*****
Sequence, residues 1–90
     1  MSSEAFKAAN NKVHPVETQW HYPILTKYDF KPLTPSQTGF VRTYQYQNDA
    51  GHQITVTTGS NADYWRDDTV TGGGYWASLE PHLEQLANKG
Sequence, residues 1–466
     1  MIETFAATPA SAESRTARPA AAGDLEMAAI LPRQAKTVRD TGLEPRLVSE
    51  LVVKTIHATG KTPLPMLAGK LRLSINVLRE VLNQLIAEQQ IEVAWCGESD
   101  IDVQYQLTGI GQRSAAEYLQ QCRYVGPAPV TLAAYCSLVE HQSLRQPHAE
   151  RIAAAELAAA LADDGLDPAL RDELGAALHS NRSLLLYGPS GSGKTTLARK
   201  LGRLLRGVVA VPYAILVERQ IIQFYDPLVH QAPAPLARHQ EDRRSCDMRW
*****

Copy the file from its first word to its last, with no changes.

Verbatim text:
Sequence, residues 1–90
     1  MSSEAFKAAN NKVHPVETQW HYPILTKYDF KPLTPSQTGF VRTYQYQNDA
    51  GHQITVTTGS NADYWRDDTV TGGGYWASLE PHLEQLANKG
Sequence, residues 1–466
     1  MIETFAATPA SAESRTARPA AAGDLEMAAI LPRQAKTVRD TGLEPRLVSE
    51  LVVKTIHATG KTPLPMLAGK LRLSINVLRE VLNQLIAEQQ IEVAWCGESD
   101  IDVQYQLTGI GQRSAAEYLQ QCRYVGPAPV TLAAYCSLVE HQSLRQPHAE
   151  RIAAAELAAA LADDGLDPAL RDELGAALHS NRSLLLYGPS GSGKTTLARK
   201  LGRLLRGVVA VPYAILVERQ IIQFYDPLVH QAPAPLARHQ EDRRSCDMRW